PBMs, or pharmacy benefit managers, are private businesses that handle the logistics of providing prescription medication coverage for various clients, including large companies and organizations, health insurance providers, Medicare Part D drug plans, pharmacies, and other payers. PBMs were developed to help patients save time and money. They hoped doing so would help reduce prescription drug costs and simplify submitting claims for those drugs.
In the pharmaceutical industry, PBMs play the role of intermediaries. They bargain with drug companies and wholesalers to help their customers save money on their prescriptions. The Commonwealth Fund states that PBMs aid insurers and pharmacies in estimating total drug costs. According to an article published by John Arnold in Stat News in August 2018, PBMs represent customers from a wide variety of large enterprises and insurers, making them massive purchasing networks with considerable purchasing leverage in the pharmaceutical industry. Drug discounters, or PBMs, should use their significant buying power to drive down the retail price of medications and then pass the savings on to their customers.
Yet PBMs are more than just intermediaries. Presently, PBMs are engaged in: Developing and updating formularies or the catalog of prescription drugs (both generic and brand name) that health insurers will reimburse.
- Bargaining discounts with drug makers
- For medications, prices, discounts, and delivery fees are negotiated with local pharmacies.
- Locating and maintaining network pharmacies for prescription drug plans.
- Medication evaluations are being conducted.
- Controlling a patient’s adherence
- Handling of claims and settlement
- Providing a low-priced pharmacy delivery service and specialty drug selection by mail
- Issues and Revisions
The healthcare industry is worried about the PBM industry’s lack of openness and the low percentage of manufacturer rebates and discounts passed on to patients. Policymakers have considered several solutions, one of which is increased national and state regulation of pharmacy benefit managers (PBMs) and their associated pass-through rates. Spread pricing occurs when a pharmacy benefit manager (PBM) bills a payer more than it reimburses to a pharmacy and keeps the difference. Several states and the Centers for Medicare & Medicaid Services (CMS) want to limit or outlaw this practice.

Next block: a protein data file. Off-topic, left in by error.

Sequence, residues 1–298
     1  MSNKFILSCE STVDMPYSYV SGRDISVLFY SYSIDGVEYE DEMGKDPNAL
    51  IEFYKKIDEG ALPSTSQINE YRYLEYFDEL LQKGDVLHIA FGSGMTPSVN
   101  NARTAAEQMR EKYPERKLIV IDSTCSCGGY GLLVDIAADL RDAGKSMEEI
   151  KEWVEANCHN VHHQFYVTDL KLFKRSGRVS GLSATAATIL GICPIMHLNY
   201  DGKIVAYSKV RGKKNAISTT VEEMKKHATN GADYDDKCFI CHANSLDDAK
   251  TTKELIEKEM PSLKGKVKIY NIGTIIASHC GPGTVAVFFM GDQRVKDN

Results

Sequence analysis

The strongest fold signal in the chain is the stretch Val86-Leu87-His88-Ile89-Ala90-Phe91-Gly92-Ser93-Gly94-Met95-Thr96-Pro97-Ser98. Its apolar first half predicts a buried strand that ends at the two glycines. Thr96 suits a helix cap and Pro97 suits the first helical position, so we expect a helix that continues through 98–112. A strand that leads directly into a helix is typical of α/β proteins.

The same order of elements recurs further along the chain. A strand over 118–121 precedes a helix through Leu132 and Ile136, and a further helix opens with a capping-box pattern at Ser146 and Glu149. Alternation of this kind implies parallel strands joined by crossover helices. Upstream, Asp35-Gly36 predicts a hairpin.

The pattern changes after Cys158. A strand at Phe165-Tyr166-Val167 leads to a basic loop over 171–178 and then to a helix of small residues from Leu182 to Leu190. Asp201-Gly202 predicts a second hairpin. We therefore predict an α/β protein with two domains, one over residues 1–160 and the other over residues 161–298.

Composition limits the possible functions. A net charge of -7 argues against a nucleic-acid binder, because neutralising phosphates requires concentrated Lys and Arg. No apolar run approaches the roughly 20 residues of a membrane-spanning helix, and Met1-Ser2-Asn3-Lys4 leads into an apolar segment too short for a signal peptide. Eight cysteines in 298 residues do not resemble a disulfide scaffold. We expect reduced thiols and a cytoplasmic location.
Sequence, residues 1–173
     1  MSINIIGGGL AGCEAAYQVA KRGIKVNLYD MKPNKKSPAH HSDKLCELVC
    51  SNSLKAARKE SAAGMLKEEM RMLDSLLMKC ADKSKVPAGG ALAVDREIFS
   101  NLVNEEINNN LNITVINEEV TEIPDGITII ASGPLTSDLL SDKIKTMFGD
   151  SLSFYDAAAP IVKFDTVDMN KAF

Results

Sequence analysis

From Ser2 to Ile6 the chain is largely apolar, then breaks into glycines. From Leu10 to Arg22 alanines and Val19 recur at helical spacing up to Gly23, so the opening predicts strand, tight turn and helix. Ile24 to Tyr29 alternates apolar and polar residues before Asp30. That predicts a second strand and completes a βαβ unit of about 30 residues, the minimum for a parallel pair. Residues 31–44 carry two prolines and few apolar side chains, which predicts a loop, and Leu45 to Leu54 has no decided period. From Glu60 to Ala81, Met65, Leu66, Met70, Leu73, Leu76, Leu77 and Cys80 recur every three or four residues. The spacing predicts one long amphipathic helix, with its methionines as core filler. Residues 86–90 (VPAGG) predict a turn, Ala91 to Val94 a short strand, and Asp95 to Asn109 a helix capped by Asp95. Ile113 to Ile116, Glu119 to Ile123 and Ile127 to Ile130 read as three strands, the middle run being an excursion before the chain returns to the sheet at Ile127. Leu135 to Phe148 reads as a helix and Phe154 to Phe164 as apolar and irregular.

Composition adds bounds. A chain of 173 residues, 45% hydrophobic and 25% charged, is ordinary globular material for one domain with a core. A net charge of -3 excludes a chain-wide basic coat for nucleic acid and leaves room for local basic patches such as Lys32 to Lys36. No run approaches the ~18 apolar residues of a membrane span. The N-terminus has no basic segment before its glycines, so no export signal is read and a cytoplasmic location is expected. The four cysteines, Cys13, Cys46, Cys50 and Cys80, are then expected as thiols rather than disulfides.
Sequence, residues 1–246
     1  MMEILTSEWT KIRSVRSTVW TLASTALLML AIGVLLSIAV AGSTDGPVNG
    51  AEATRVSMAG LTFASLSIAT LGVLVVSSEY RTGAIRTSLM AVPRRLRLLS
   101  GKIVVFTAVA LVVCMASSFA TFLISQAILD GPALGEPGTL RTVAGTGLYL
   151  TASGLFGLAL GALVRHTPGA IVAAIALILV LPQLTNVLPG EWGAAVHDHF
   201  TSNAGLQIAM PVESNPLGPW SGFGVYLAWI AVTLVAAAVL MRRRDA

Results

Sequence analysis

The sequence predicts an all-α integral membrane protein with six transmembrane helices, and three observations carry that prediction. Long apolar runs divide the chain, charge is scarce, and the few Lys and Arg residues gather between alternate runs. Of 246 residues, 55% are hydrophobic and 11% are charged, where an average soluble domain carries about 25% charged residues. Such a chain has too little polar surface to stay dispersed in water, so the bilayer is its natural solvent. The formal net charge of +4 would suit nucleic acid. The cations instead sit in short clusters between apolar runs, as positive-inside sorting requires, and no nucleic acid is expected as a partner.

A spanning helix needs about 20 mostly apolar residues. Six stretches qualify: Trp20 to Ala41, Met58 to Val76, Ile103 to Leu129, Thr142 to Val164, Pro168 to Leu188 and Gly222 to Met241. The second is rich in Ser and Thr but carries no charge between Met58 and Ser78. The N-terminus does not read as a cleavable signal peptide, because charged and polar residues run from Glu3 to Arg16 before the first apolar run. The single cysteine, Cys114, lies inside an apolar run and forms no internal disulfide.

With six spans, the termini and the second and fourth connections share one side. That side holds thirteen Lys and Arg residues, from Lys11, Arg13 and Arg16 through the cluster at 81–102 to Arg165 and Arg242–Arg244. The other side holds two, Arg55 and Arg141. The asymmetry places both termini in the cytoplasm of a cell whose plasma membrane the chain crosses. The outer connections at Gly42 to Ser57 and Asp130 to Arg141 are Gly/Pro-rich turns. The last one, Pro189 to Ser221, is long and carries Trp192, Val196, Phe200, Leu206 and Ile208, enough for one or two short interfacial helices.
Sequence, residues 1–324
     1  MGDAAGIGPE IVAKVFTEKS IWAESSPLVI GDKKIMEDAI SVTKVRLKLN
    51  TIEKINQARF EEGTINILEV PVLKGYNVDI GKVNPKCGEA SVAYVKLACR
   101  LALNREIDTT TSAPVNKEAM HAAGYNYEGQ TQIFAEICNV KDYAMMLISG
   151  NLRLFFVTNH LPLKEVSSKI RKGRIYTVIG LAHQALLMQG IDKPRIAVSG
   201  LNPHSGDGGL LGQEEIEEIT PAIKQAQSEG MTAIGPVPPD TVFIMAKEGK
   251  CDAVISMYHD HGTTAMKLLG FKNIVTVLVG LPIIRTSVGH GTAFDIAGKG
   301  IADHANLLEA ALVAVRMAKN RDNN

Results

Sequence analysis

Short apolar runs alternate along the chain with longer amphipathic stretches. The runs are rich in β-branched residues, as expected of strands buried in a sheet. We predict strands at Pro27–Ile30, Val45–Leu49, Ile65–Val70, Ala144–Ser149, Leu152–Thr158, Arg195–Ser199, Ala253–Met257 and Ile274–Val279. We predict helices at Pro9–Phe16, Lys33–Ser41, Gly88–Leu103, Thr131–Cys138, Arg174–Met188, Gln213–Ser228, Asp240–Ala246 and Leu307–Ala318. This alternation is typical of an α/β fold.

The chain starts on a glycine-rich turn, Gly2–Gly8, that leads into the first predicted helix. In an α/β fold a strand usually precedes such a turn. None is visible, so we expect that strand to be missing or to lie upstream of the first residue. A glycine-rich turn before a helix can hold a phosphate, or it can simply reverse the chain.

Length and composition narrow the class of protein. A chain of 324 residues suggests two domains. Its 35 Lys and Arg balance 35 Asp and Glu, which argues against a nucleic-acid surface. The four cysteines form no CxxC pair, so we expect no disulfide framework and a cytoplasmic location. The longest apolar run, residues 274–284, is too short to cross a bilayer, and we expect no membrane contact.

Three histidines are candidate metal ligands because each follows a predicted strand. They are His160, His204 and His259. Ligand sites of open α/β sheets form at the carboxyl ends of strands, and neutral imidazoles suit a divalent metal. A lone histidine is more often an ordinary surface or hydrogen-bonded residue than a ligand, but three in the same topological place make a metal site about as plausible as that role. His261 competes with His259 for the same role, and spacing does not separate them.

According to a survey of health plan and PBM employees, the percentage of manufacturer rebates passed through to health plans increased from 78% in 2012 to 91% in 2016. In addition, CMS found that PBMs’ ability to negotiate more significant rebates from pharmaceutical producers had reduced costs and slowed prescription spending growth during the previous three years.
Primary care physicians in hospice
Pharmacy benefit administration has been an essential part of the hospice sector for the past two decades. When a hospice patient is diagnosed with a terminal illness, the hospice must cover the total cost of any medications associated with that diagnosis, making the purchasing and bargaining power offered by a PBM even more crucial.
PBMs save money for hospices and offer them the pharmacological knowledge they need. Hospice laws call for a pharmacist to oversee each patient’s medication regimen, which is difficult to achieve with a community pharmacy and impossible without the interface options a PBM offers (see Your EMR-PBM Interface below). The PBM allows hospices to collect and analyze prescription data daily, weekly, or monthly based on patient, diagnosis, or date range.
In addition, hospice PBMs offer essential support and education services like 24-hour support (important for practitioners), hospice emergency or comfort kits, online portals for nurses, and even nursing CEUs (Continuing Education Units).
Mechanisms for Price Dispersion
The PBM agrees to pay the pharmacy $X and then bill you at the agreed-upon spread price. The problem is, as a hospice, you aren’t familiar with the $X. Depending on the terms of your spread pricing contract, which are often based on reduced AWP, the PBM may charge you $22.00 for medicine it only paid the pharmacy $10.00 for. That transaction resulted in a $12 profit for the PBM. This happens rather often.
An outstanding illustration of the utilization of a specific drug is generic Zofran. The cost to acquire a prescription from a pharmacy may be $8; however, the cost to purchase an AWP maybe $600. Spread pricing in a contract at AWP minus 50% results in a $300 fee. I know what you’re thinking: “That ought to be outlawed!” I fully agree.
A surprising number of PBMs use the spread pricing method. The truth is that there are far too many drugs that are analogous to Zofran. Numerous unnecessary examples would be wasted space here.
The amount the PBM pays the pharmacy is “spread priced,” so it’s not apparent. Is the price too high for you? The hospice would have to ask the pharmacy how much they were compensated, but the pharmacy is not allowed to reveal this information under many contracts. The average claim payment made by publicly traded PBMs is over $8, as can be shown by digging into their financial filings.
Explaining the Positive Effects of Price Transparency
There is, however, a silver lining to this cloudy picture: Easy to Understand Costs.
If my PBM has a transparent arrangement with your Hospice, a $3.50 transaction charge will be applied.
Example: If we pay the pharmacy $10.00, hospice would be billed $13.50. We will charge the hospice $303.50 if the pharmacy bill is $300.
What we paid at the pharmacy and how much we made are both known to you. The pharmacy staff knows just how much money they are making off you. A lot of smoke and mirrors won’t fool anyone. It’s a done deal. Everybody’s on the same page. PBM, pharmacy, and hospice can all benefit from a transaction’s openness if all involved parties are treated with dignity and respect.